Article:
|Year : 2016 | Volume
| Issue : 1 | Page : 10-16
Compliance with and awareness about long-term oral anticoagulant therapy among Saudi patients in a University Hospital, Riyadh, Saudi Arabia
Shehanah Fahad Al-Omair1, Norah Ahmed Musallam1, Nora Yazid Al-Deghaither1, Nouf Abdulwahab Al-Sadoun1, Nervana M. K Bayoumy2
1 Department of Center of Excellence in Thrombosis and Hemostasis, College of Medicine, Center of Excellence in Thrombosis and Hemostasis, King Saud University, Riyadh, Saudi Arabia
2 Department of Physiology, College of Medicine, Center of Excellence in Thrombosis and Hemostasis, King Saud University, Riyadh, Saudi Arabia
|Date of Web Publication||25-Apr-2016|
Nervana M. K Bayoumy
Department of Physiology, College of Medicine, Center of Excellence in Thrombosis and Hemostasis, King Saud University, P.O. Box 2925, Riyadh 11461
Source of Support: None, Conflict of Interest: None
Context: Oral anticoagulant therapy (OAT) is one of the most widely used therapies. Being on such regimens requires high degree of compliance and adequate knowledge to avoid serious complications. Aims: This study aims to assess compliance with and awareness about OAT among Saudi patients, and their willingness to use the point-of-care (POC) international normalized ratio (INR) testing devices for self-monitoring. Settings and Design: This cross-sectional study was conducted at a tertiary hospital in Riyadh, Saudi Arabia, over 6 months. Subjects and Methods: A face-to-face interview has been carried out for all patients based on the questionnaire carried out for all patients based on the questionnaire. Results were analyzed according to demographics, adherence, knowledge, and INR control. Statistical Analysis Used: Statistical Package for the Social Sciences version 19 software (SPSS Inc., Chicago, IL, USA) was used. Results: One hundred sixty-two patients were interviewed, of which females (69.1%) exceeded males (30.1%). Most of them were on warfarin (80.2%), received education by their physicians. In general, patients had poor knowledge and medium adherence (53.1%) (scored < 50%). About 24% of the poor knowledge group (PKG) were highly adherent compared to 14.5% of the fine knowledge group (FKG). However, 53.2% of FKG had a controlled INR where this percentage reduces to 27% in PKG. The most incorrect answered question in both groups was related to warfarin-drug-interactions (75.3%). The majority (74.7%) was eager to make use of the POC-INR devices. Conclusions: The participants' knowledge was generally poor but level of knowledge did not play a role in compliance. Regardless, an education program should be accommodated to help patients in improving their medication control and reducing clinical visits. The majority was willing to adopt (POC) INR devices that will certainly help them in managing their treatment and potentially reducing adverse clinical outcomes.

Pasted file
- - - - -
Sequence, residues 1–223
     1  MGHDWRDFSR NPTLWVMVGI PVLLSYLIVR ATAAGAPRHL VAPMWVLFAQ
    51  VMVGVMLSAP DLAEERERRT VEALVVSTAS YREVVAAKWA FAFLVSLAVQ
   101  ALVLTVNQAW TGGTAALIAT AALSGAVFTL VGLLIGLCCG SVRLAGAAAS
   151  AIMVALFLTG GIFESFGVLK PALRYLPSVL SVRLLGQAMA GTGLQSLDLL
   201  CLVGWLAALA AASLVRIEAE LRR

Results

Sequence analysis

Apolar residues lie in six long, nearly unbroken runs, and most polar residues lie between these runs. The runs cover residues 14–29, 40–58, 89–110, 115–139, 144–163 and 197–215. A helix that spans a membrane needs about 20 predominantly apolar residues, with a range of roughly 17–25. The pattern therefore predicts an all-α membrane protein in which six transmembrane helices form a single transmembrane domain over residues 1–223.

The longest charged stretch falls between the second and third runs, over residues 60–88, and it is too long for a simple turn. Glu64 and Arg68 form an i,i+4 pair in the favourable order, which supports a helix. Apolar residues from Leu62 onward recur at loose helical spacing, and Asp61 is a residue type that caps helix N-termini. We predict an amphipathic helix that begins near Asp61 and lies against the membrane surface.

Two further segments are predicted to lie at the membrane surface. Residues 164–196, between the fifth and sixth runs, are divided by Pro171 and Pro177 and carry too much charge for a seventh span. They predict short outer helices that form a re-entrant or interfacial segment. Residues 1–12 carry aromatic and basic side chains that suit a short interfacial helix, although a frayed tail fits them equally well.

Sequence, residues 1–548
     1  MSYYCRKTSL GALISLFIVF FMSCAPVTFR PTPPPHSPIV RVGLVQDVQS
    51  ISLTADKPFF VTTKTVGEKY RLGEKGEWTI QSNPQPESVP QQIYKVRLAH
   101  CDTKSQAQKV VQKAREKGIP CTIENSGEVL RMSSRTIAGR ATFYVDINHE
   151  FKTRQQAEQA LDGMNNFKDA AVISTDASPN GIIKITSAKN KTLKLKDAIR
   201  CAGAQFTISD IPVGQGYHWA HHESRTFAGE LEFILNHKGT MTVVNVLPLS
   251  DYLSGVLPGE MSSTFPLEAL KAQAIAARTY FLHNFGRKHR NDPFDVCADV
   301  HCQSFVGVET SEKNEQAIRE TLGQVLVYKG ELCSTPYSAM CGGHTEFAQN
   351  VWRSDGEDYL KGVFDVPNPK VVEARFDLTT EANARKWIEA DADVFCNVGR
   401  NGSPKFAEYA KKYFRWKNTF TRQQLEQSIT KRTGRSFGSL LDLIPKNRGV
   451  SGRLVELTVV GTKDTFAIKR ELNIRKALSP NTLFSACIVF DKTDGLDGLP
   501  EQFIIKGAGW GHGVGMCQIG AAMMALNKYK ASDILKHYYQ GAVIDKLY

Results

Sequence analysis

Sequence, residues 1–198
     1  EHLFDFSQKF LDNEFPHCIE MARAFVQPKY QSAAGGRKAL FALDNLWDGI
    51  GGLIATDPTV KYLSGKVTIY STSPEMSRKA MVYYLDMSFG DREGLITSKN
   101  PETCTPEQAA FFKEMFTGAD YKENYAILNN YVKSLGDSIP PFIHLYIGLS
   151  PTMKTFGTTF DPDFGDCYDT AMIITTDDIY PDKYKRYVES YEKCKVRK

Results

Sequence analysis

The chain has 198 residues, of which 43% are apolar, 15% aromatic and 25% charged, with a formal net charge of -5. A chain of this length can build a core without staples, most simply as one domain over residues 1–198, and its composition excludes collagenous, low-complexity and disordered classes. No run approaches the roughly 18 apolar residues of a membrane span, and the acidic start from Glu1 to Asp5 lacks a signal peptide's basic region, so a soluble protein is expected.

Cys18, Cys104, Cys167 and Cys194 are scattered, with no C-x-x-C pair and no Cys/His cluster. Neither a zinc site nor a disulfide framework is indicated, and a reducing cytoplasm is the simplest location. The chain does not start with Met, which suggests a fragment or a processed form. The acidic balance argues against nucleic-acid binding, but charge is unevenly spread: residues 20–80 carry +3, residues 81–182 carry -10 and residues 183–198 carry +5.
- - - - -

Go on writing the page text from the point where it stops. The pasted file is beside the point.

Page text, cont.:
Keywords: Compliance, knowledge, oral anticoagulant, therapy
|How to cite this article:|
Al-Omair SF, Musallam NA, Al-Deghaither NY, Al-Sadoun NA, Bayoumy NM. Compliance with and awareness about long-term oral anticoagulant therapy among Saudi patients in a University Hospital, Riyadh, Saudi Arabia. J Appl Hematol 2016;7:10-6
|How to cite this URL:|
Al-Omair SF, Musallam NA, Al-Deghaither NY, Al-Sadoun NA, Bayoumy NM. Compliance with and awareness about long-term oral anticoagulant therapy among Saudi patients in a University Hospital, Riyadh, Saudi Arabia. J Appl Hematol [serial online] 2016 [cited 2018 Jan 21];7:10-6. Available from: http://www.jahjournal.org/text.asp?2016/7/1/10/181107
| Introduction|| |
Oral anticoagulant therapy (OAT) is used in treating various thromboembolic events. Warfarin is commonly used but it has a narrow therapeutic window. The international normalized ratio (INR) is used to maintain patients on OAT in the therapeutic range which varies mainly between 2.0 and 3.0., An alternative method is the INR point-of-care testing (POCT) devices, which reveal results rapidly. This study assesses the compliance and knowledge of Saudi patients on OAT since it has not been done locally. INR needs to be measured regularly; many patients are inconvenienced by the repeated hospital visits. POC devices have been introduced to tackle such issues.
| Subjects and Methods|| |